Resident Of the Month
When Dakota, now 21, suffered a MRSA infection four years ago, he had no idea a prescription for Hydrocodone would change his life. “I crossed that invisible line once I started taking these pills,” he said. “They made me feel really good and so I started to abuse them. I began taking them just for the effects and not for what they were prescribed for.”
From 17 to 19 years old Dakota went on a pill-popping rampage – frequently finishing his prescription ahead of time and then turning to the family’s medicine cabinet for a taste of what was prescribed to his parents. “Once my refills expired, I stole pills for my parents to keep my habit going,” he said. “This was where I realized I may have a problem… but I had no intention of addressing that possibility.”
While enrolled at Scottsdale Community College, the Health Science major was able to function and maintain an A average – but not his sobriety. During his last semester at SCC his addiction gathered momentum. He was introduced to Oxycotton. “My tolerance level had grown high enough for me not to feel the effects of the pills I was taking prior,” he said. Then with a few weeks to go in the semester a friend introduced me to Oxys and my addiction took off. I fell in love with these pills and couldn’t get enough of them… I wanted more all the time.”
Dakota’s growing appetite for Oxycotton led him to clean out his savings account – spending more than $1,000 on these pills over a six-month period. The progression of his disease hit its climax September 2013 when his dealer got out of the business of selling Oxys. “He said selling the pills had become too expensive for him to handle,” Dakota said. “He told me he had a new alternative that was similar to Oxys but much cheaper and better – heroin.”
After seeing the reaction of a few friends who had used heroin, Dakota said he decided to try the opiate. “I saw the way they reacted after taking a hit and I decided that I also wanted to experience that feeling,” he said. “I started off smoking heroin but went to the needle in less than three weeks. It was the best high I had ever experienced.”
With aspirations to achieve his Bachelor’s degree in Biology, Dakota enrolled at Arizona State University January 2014; from this point on things got worse. “I started using daily and at times went to my classes dope sick, he said. “My grades dropped from A’s to C’s. I became physically and mentally dependent on heroin.”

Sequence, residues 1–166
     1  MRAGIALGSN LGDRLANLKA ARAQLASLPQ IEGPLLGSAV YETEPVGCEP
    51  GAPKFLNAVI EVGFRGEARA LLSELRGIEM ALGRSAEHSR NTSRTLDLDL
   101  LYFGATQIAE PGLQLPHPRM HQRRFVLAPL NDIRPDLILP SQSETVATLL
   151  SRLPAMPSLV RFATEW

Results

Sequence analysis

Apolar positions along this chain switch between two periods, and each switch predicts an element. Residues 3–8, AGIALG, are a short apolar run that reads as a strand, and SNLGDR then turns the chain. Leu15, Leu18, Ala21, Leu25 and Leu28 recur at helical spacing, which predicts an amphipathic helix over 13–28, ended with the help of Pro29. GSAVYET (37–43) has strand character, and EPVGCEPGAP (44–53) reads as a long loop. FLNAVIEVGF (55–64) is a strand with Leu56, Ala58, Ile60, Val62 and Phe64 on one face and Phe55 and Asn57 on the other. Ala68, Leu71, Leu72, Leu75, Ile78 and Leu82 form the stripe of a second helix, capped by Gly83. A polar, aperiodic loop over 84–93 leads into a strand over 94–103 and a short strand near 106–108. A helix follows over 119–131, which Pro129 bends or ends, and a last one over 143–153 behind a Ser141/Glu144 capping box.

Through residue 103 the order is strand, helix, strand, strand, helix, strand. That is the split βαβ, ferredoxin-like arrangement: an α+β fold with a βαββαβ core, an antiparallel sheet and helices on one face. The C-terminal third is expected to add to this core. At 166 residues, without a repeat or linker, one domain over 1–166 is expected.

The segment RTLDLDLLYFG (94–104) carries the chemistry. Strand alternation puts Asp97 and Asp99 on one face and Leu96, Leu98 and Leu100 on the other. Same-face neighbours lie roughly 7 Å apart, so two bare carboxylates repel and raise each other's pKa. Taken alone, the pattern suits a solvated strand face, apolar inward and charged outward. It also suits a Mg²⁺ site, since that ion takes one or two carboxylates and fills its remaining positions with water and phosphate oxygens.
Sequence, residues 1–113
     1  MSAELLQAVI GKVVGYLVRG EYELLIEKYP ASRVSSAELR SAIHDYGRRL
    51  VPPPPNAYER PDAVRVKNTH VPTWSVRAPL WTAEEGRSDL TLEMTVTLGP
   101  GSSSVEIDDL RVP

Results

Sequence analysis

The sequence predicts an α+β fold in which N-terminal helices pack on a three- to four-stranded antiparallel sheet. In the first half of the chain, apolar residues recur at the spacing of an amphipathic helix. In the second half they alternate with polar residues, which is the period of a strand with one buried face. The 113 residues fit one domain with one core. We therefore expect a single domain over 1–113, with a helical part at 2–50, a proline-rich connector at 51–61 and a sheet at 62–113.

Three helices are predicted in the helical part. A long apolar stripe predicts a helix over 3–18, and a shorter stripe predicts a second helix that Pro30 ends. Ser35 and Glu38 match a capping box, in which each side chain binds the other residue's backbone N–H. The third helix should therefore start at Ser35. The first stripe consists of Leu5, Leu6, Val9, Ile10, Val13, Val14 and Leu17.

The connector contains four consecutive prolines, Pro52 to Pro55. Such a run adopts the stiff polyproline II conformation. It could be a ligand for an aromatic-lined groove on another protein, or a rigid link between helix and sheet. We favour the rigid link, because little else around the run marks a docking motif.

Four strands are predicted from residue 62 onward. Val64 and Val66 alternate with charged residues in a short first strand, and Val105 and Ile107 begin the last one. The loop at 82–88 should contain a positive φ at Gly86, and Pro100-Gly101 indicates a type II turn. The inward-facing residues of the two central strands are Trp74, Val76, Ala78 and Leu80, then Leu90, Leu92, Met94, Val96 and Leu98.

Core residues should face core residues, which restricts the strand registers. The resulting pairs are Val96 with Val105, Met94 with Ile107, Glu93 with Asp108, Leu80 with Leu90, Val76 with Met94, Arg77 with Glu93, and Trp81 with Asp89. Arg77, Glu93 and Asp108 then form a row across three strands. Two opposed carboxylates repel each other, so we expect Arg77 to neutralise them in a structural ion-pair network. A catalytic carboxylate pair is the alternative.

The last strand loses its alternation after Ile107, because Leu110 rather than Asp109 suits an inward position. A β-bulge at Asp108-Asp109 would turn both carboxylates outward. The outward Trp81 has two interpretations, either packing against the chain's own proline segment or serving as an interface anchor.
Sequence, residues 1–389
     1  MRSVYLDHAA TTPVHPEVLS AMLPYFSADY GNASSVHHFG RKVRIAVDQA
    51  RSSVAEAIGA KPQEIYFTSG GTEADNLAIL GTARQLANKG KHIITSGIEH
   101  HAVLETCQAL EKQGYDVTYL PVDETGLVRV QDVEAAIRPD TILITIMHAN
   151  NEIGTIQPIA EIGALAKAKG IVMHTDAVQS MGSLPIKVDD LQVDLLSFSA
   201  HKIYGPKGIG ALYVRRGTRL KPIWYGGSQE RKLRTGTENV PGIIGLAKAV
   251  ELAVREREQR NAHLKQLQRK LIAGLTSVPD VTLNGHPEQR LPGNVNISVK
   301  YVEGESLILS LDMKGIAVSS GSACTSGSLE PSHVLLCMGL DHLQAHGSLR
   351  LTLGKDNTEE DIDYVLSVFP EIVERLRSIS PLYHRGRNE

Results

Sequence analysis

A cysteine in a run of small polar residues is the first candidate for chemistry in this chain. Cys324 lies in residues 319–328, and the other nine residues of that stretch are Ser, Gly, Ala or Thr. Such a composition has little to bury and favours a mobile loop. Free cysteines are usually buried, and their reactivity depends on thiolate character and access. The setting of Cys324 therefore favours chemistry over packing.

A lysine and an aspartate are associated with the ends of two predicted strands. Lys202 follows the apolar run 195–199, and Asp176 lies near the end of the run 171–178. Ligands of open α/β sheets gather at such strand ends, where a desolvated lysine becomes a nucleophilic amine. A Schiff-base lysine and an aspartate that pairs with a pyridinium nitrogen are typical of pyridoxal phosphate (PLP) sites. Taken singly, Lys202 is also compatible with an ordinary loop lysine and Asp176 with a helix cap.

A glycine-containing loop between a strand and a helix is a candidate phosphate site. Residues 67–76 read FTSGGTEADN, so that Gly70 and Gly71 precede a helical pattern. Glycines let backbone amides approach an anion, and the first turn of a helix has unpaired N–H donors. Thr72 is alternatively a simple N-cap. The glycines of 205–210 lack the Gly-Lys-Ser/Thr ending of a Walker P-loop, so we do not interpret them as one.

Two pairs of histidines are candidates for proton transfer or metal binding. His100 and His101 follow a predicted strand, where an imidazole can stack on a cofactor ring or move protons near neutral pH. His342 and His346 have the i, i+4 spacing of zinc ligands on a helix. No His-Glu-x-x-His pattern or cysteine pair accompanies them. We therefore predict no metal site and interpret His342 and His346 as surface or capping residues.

Desperate to stop his free-fall, and afraid to tell his parents about his problem directly, Dakota took another route. He left paraphernalia in areas where he knew he parents would find them – and they did. “Once they confronted me I told them everything… I told them I needed help. My mother acted quickly and took me to the hospital to get tested for all diseases associated with using drugs intravenously and possibly sharing a needle; I came back negative on all counts at which point my doctor recommended rehab,” he recalled.
A 30-day visit to The River Source in Casa Grande launched Dakota onto a path to regaining himself. “I had a physic change during the course of my treatment… I discovered that there was much more to life than getting high… I learned that I had a purpose in life,” Dakota said.
Upon completing treatment, Dakota balked at the idea of checking into sober living but knew it was the next best thing for him. Through his rehab counselor’s suggestion, he entered Carla Vista Sober Living. “At first I was worried about entering this environment and fitting in… but then I came to the realization that this was what I really needed to do,” he said. “After seeing that I had a lot in common with the residents there, I opened my mind up to the Fellowship of Recovery. I attended my first meeting at Saturday Night Live (SNL) and found a sponsor later that evening. This was the best thing I did for my recovery. Through my sponsor I have worked a strong recovery program and have put myself in a position to return to ASU to complete my degree.”
With more than 90 days of continuous sobriety, Dakota also attributes his recovery growth to the structure of his Carla Vista Sober Living house, which he says has helped him to become more responsible, accountable, and service-oriented. “Carla Vista motivated me in my recovery and helped me understand that recovery is not a game – it’s a life or death matter. My experience here has been invaluable.”